in MPC is still challenging.
2) In addition to steady-state, taking in to account dynamic
behavior of devices such as energy storages is of signicance.
650 633 634 671 645 692 675 611 652 670 632 680 646
0.9
1
1.1
Phase A
V
o
l
t
s

(
p
u
)
650 633 634 671 645 692 675 611 652 670 632 680 646
0.9
1
1.1
Phase B
V
o
l
t
s

(
p
u
)
650 633 634 671 645 692 675 611 652 670 632 680 646
0.9
1
1.1
Phase C
V
o
l
t
s

(
p
u
)
Node number
Fig. 8. Bus voltage distribution measured after convergence of each power
ow calculation
3) Due to the complexity of power ow equations, the
optimization cannot be readily formulated as a programming
problem that can be analytically solved. Therefore, the non-
linear optimization executed by the Matlab built-in functions
usually gives local optima and it requires a deep look into the
iterations to track the searching trajectory of optimal solutions.
APPENDIX A
OPENDSS SCRIPTS TO MODIFY IEEE TEST FEEDER
A. Distributed Generators
! 24HOURS SOLAR RAMP SCREEN
New Loadshape.SolarRamp npts=96 Interval=(1 4 /)
mult= (le= SolarRamp.csv)
! 24HOURS WIND OUTPUT SCREEN
New Loadshape.WindRamp npts=96 Interval=(1 4 /)
mult= (le= WindRamp.csv)
! GENERATOR DEFINITIONS
New Generator.ConGen Bus1=680.1.2.3 Phases=3 kV=4.16 pf=1 Model=1
New Generator.SolarGen Phases=2 Bus1=684.1.3 kV=4.16 kW=300 PF=1
Duty=SolarRamp
New Generator.WindGen Phases=2 Bus1=646.2.3 kV=4.16 kW=300 PF=1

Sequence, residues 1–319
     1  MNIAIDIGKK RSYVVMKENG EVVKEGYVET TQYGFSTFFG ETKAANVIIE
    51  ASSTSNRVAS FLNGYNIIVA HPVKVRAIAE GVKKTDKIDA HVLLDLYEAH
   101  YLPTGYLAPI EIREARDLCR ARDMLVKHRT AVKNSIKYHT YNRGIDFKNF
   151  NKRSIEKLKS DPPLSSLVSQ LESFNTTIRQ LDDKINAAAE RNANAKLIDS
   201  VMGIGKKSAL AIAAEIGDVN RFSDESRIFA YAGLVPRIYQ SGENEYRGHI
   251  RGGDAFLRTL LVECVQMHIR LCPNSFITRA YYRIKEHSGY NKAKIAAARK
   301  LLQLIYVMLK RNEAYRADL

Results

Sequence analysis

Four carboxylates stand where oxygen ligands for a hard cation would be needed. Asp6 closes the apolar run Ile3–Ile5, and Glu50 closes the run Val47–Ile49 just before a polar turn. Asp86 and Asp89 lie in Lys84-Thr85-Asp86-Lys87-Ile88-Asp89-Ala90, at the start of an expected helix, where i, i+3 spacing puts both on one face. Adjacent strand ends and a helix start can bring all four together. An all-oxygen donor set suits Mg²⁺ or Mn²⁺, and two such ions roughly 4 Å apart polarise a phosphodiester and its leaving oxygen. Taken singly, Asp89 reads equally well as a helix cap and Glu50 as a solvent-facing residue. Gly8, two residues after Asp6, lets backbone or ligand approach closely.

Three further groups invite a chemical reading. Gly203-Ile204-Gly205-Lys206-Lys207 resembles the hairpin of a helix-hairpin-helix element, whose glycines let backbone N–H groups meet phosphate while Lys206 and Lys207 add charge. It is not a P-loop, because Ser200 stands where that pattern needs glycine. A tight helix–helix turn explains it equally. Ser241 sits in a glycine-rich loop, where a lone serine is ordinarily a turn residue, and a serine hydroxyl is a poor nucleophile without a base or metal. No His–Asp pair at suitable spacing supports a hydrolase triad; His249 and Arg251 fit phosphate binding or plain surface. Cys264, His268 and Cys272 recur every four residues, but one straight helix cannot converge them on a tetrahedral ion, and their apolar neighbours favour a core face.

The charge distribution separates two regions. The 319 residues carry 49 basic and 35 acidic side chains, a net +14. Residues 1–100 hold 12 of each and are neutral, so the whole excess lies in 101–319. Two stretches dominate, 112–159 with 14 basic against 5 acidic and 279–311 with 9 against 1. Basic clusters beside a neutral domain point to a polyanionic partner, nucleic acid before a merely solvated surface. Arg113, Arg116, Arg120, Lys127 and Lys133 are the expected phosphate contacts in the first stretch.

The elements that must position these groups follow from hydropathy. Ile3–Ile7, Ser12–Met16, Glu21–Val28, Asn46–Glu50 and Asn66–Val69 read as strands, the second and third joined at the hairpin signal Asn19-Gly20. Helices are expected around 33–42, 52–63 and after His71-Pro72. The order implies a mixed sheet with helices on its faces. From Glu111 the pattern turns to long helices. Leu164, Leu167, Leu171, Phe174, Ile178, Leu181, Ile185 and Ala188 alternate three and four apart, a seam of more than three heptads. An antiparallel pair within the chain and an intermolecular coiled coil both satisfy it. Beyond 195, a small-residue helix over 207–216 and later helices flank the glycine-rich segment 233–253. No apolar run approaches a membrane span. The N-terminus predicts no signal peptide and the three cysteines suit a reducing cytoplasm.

Duty=WindRamp
B. Energy Storage
! ENERGY STORAGE DEFINITION
New Storage.ES1 Phases=3 Bus1=632 kV=4.16 kWRated=100
kWhRated=200 stored=50
C. Load Schedule
! LOADSHAPE DEFINITION
New Loadshape.LoadSchedule npts=96 Interval=(1 4 /)
mult= (le= LoadSchedule.csv)
! LOAD DEFINITION
New Load.675a Bus1=675.1 Phases=1 Conn=Wye Model=1 kV=2.4
kW=485 kvar=190 Duty=LoadSchedule
6
ACKNOWLEDGMENTS
The authors would like to thank Dr. Xiaoming Feng, Dr. Vaibhav Donde,
James Stoupis and Xianda Deng for their valuable help and comments.
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Jingran Ma received his B.S. and M.S. degree in Automatic Control from
Tsinghua University in Beijing, China, in 2006 and 2008, respectively. He
is currently a Ph.D. candidate in Chemical Engineering at the University of
Southern California, Los Angeles, CA. His research interests include building
energy efciency, power system modeling and control, model predictive
control and system identication.
Fang Yang is a Sr. R&D engineer with ABB US Corporate Research
Center in Raleigh, North Carolina. Her research interests include distribution
automation, power system reliability analysis, and application of articial
intelligence techniques in power system control.
Zhao Li joined ABB Corporate Research in Raleigh, North Carolina in 2007,
where he is currently a Software Architect. His research interests include the
application of software technologies in process automation and power systems,
performance analysis, and information system design and tuning.
S. Joe Qin is the Fluor Professor at the Viterbi School of Engineering at
University of Southern California and Chang Jiang Professor afliated with
Tsinghua University by the Ministry of Education of China. Prior to joining
USC he held the Paul D. and Betty Robertson Meek and American Petrona
Foundation Centennial Professorship in Chemical Engineering at University of
Texas at Austin. He obtained his B.S. and M.S. degrees in Automatic Control
from Tsinghua University in Beijing, China, in 1984 and 1987, respectively,
and his Ph.D. degree in Chemical Engineering from University of Maryland
at College Park in 1992. Dr. Qins research interests include process control,
model predictive control, process monitoring, fault detection and diagnosis,
control performance monitoring, process optimization, semiconductor process
optimization, system identication and building energy efciency.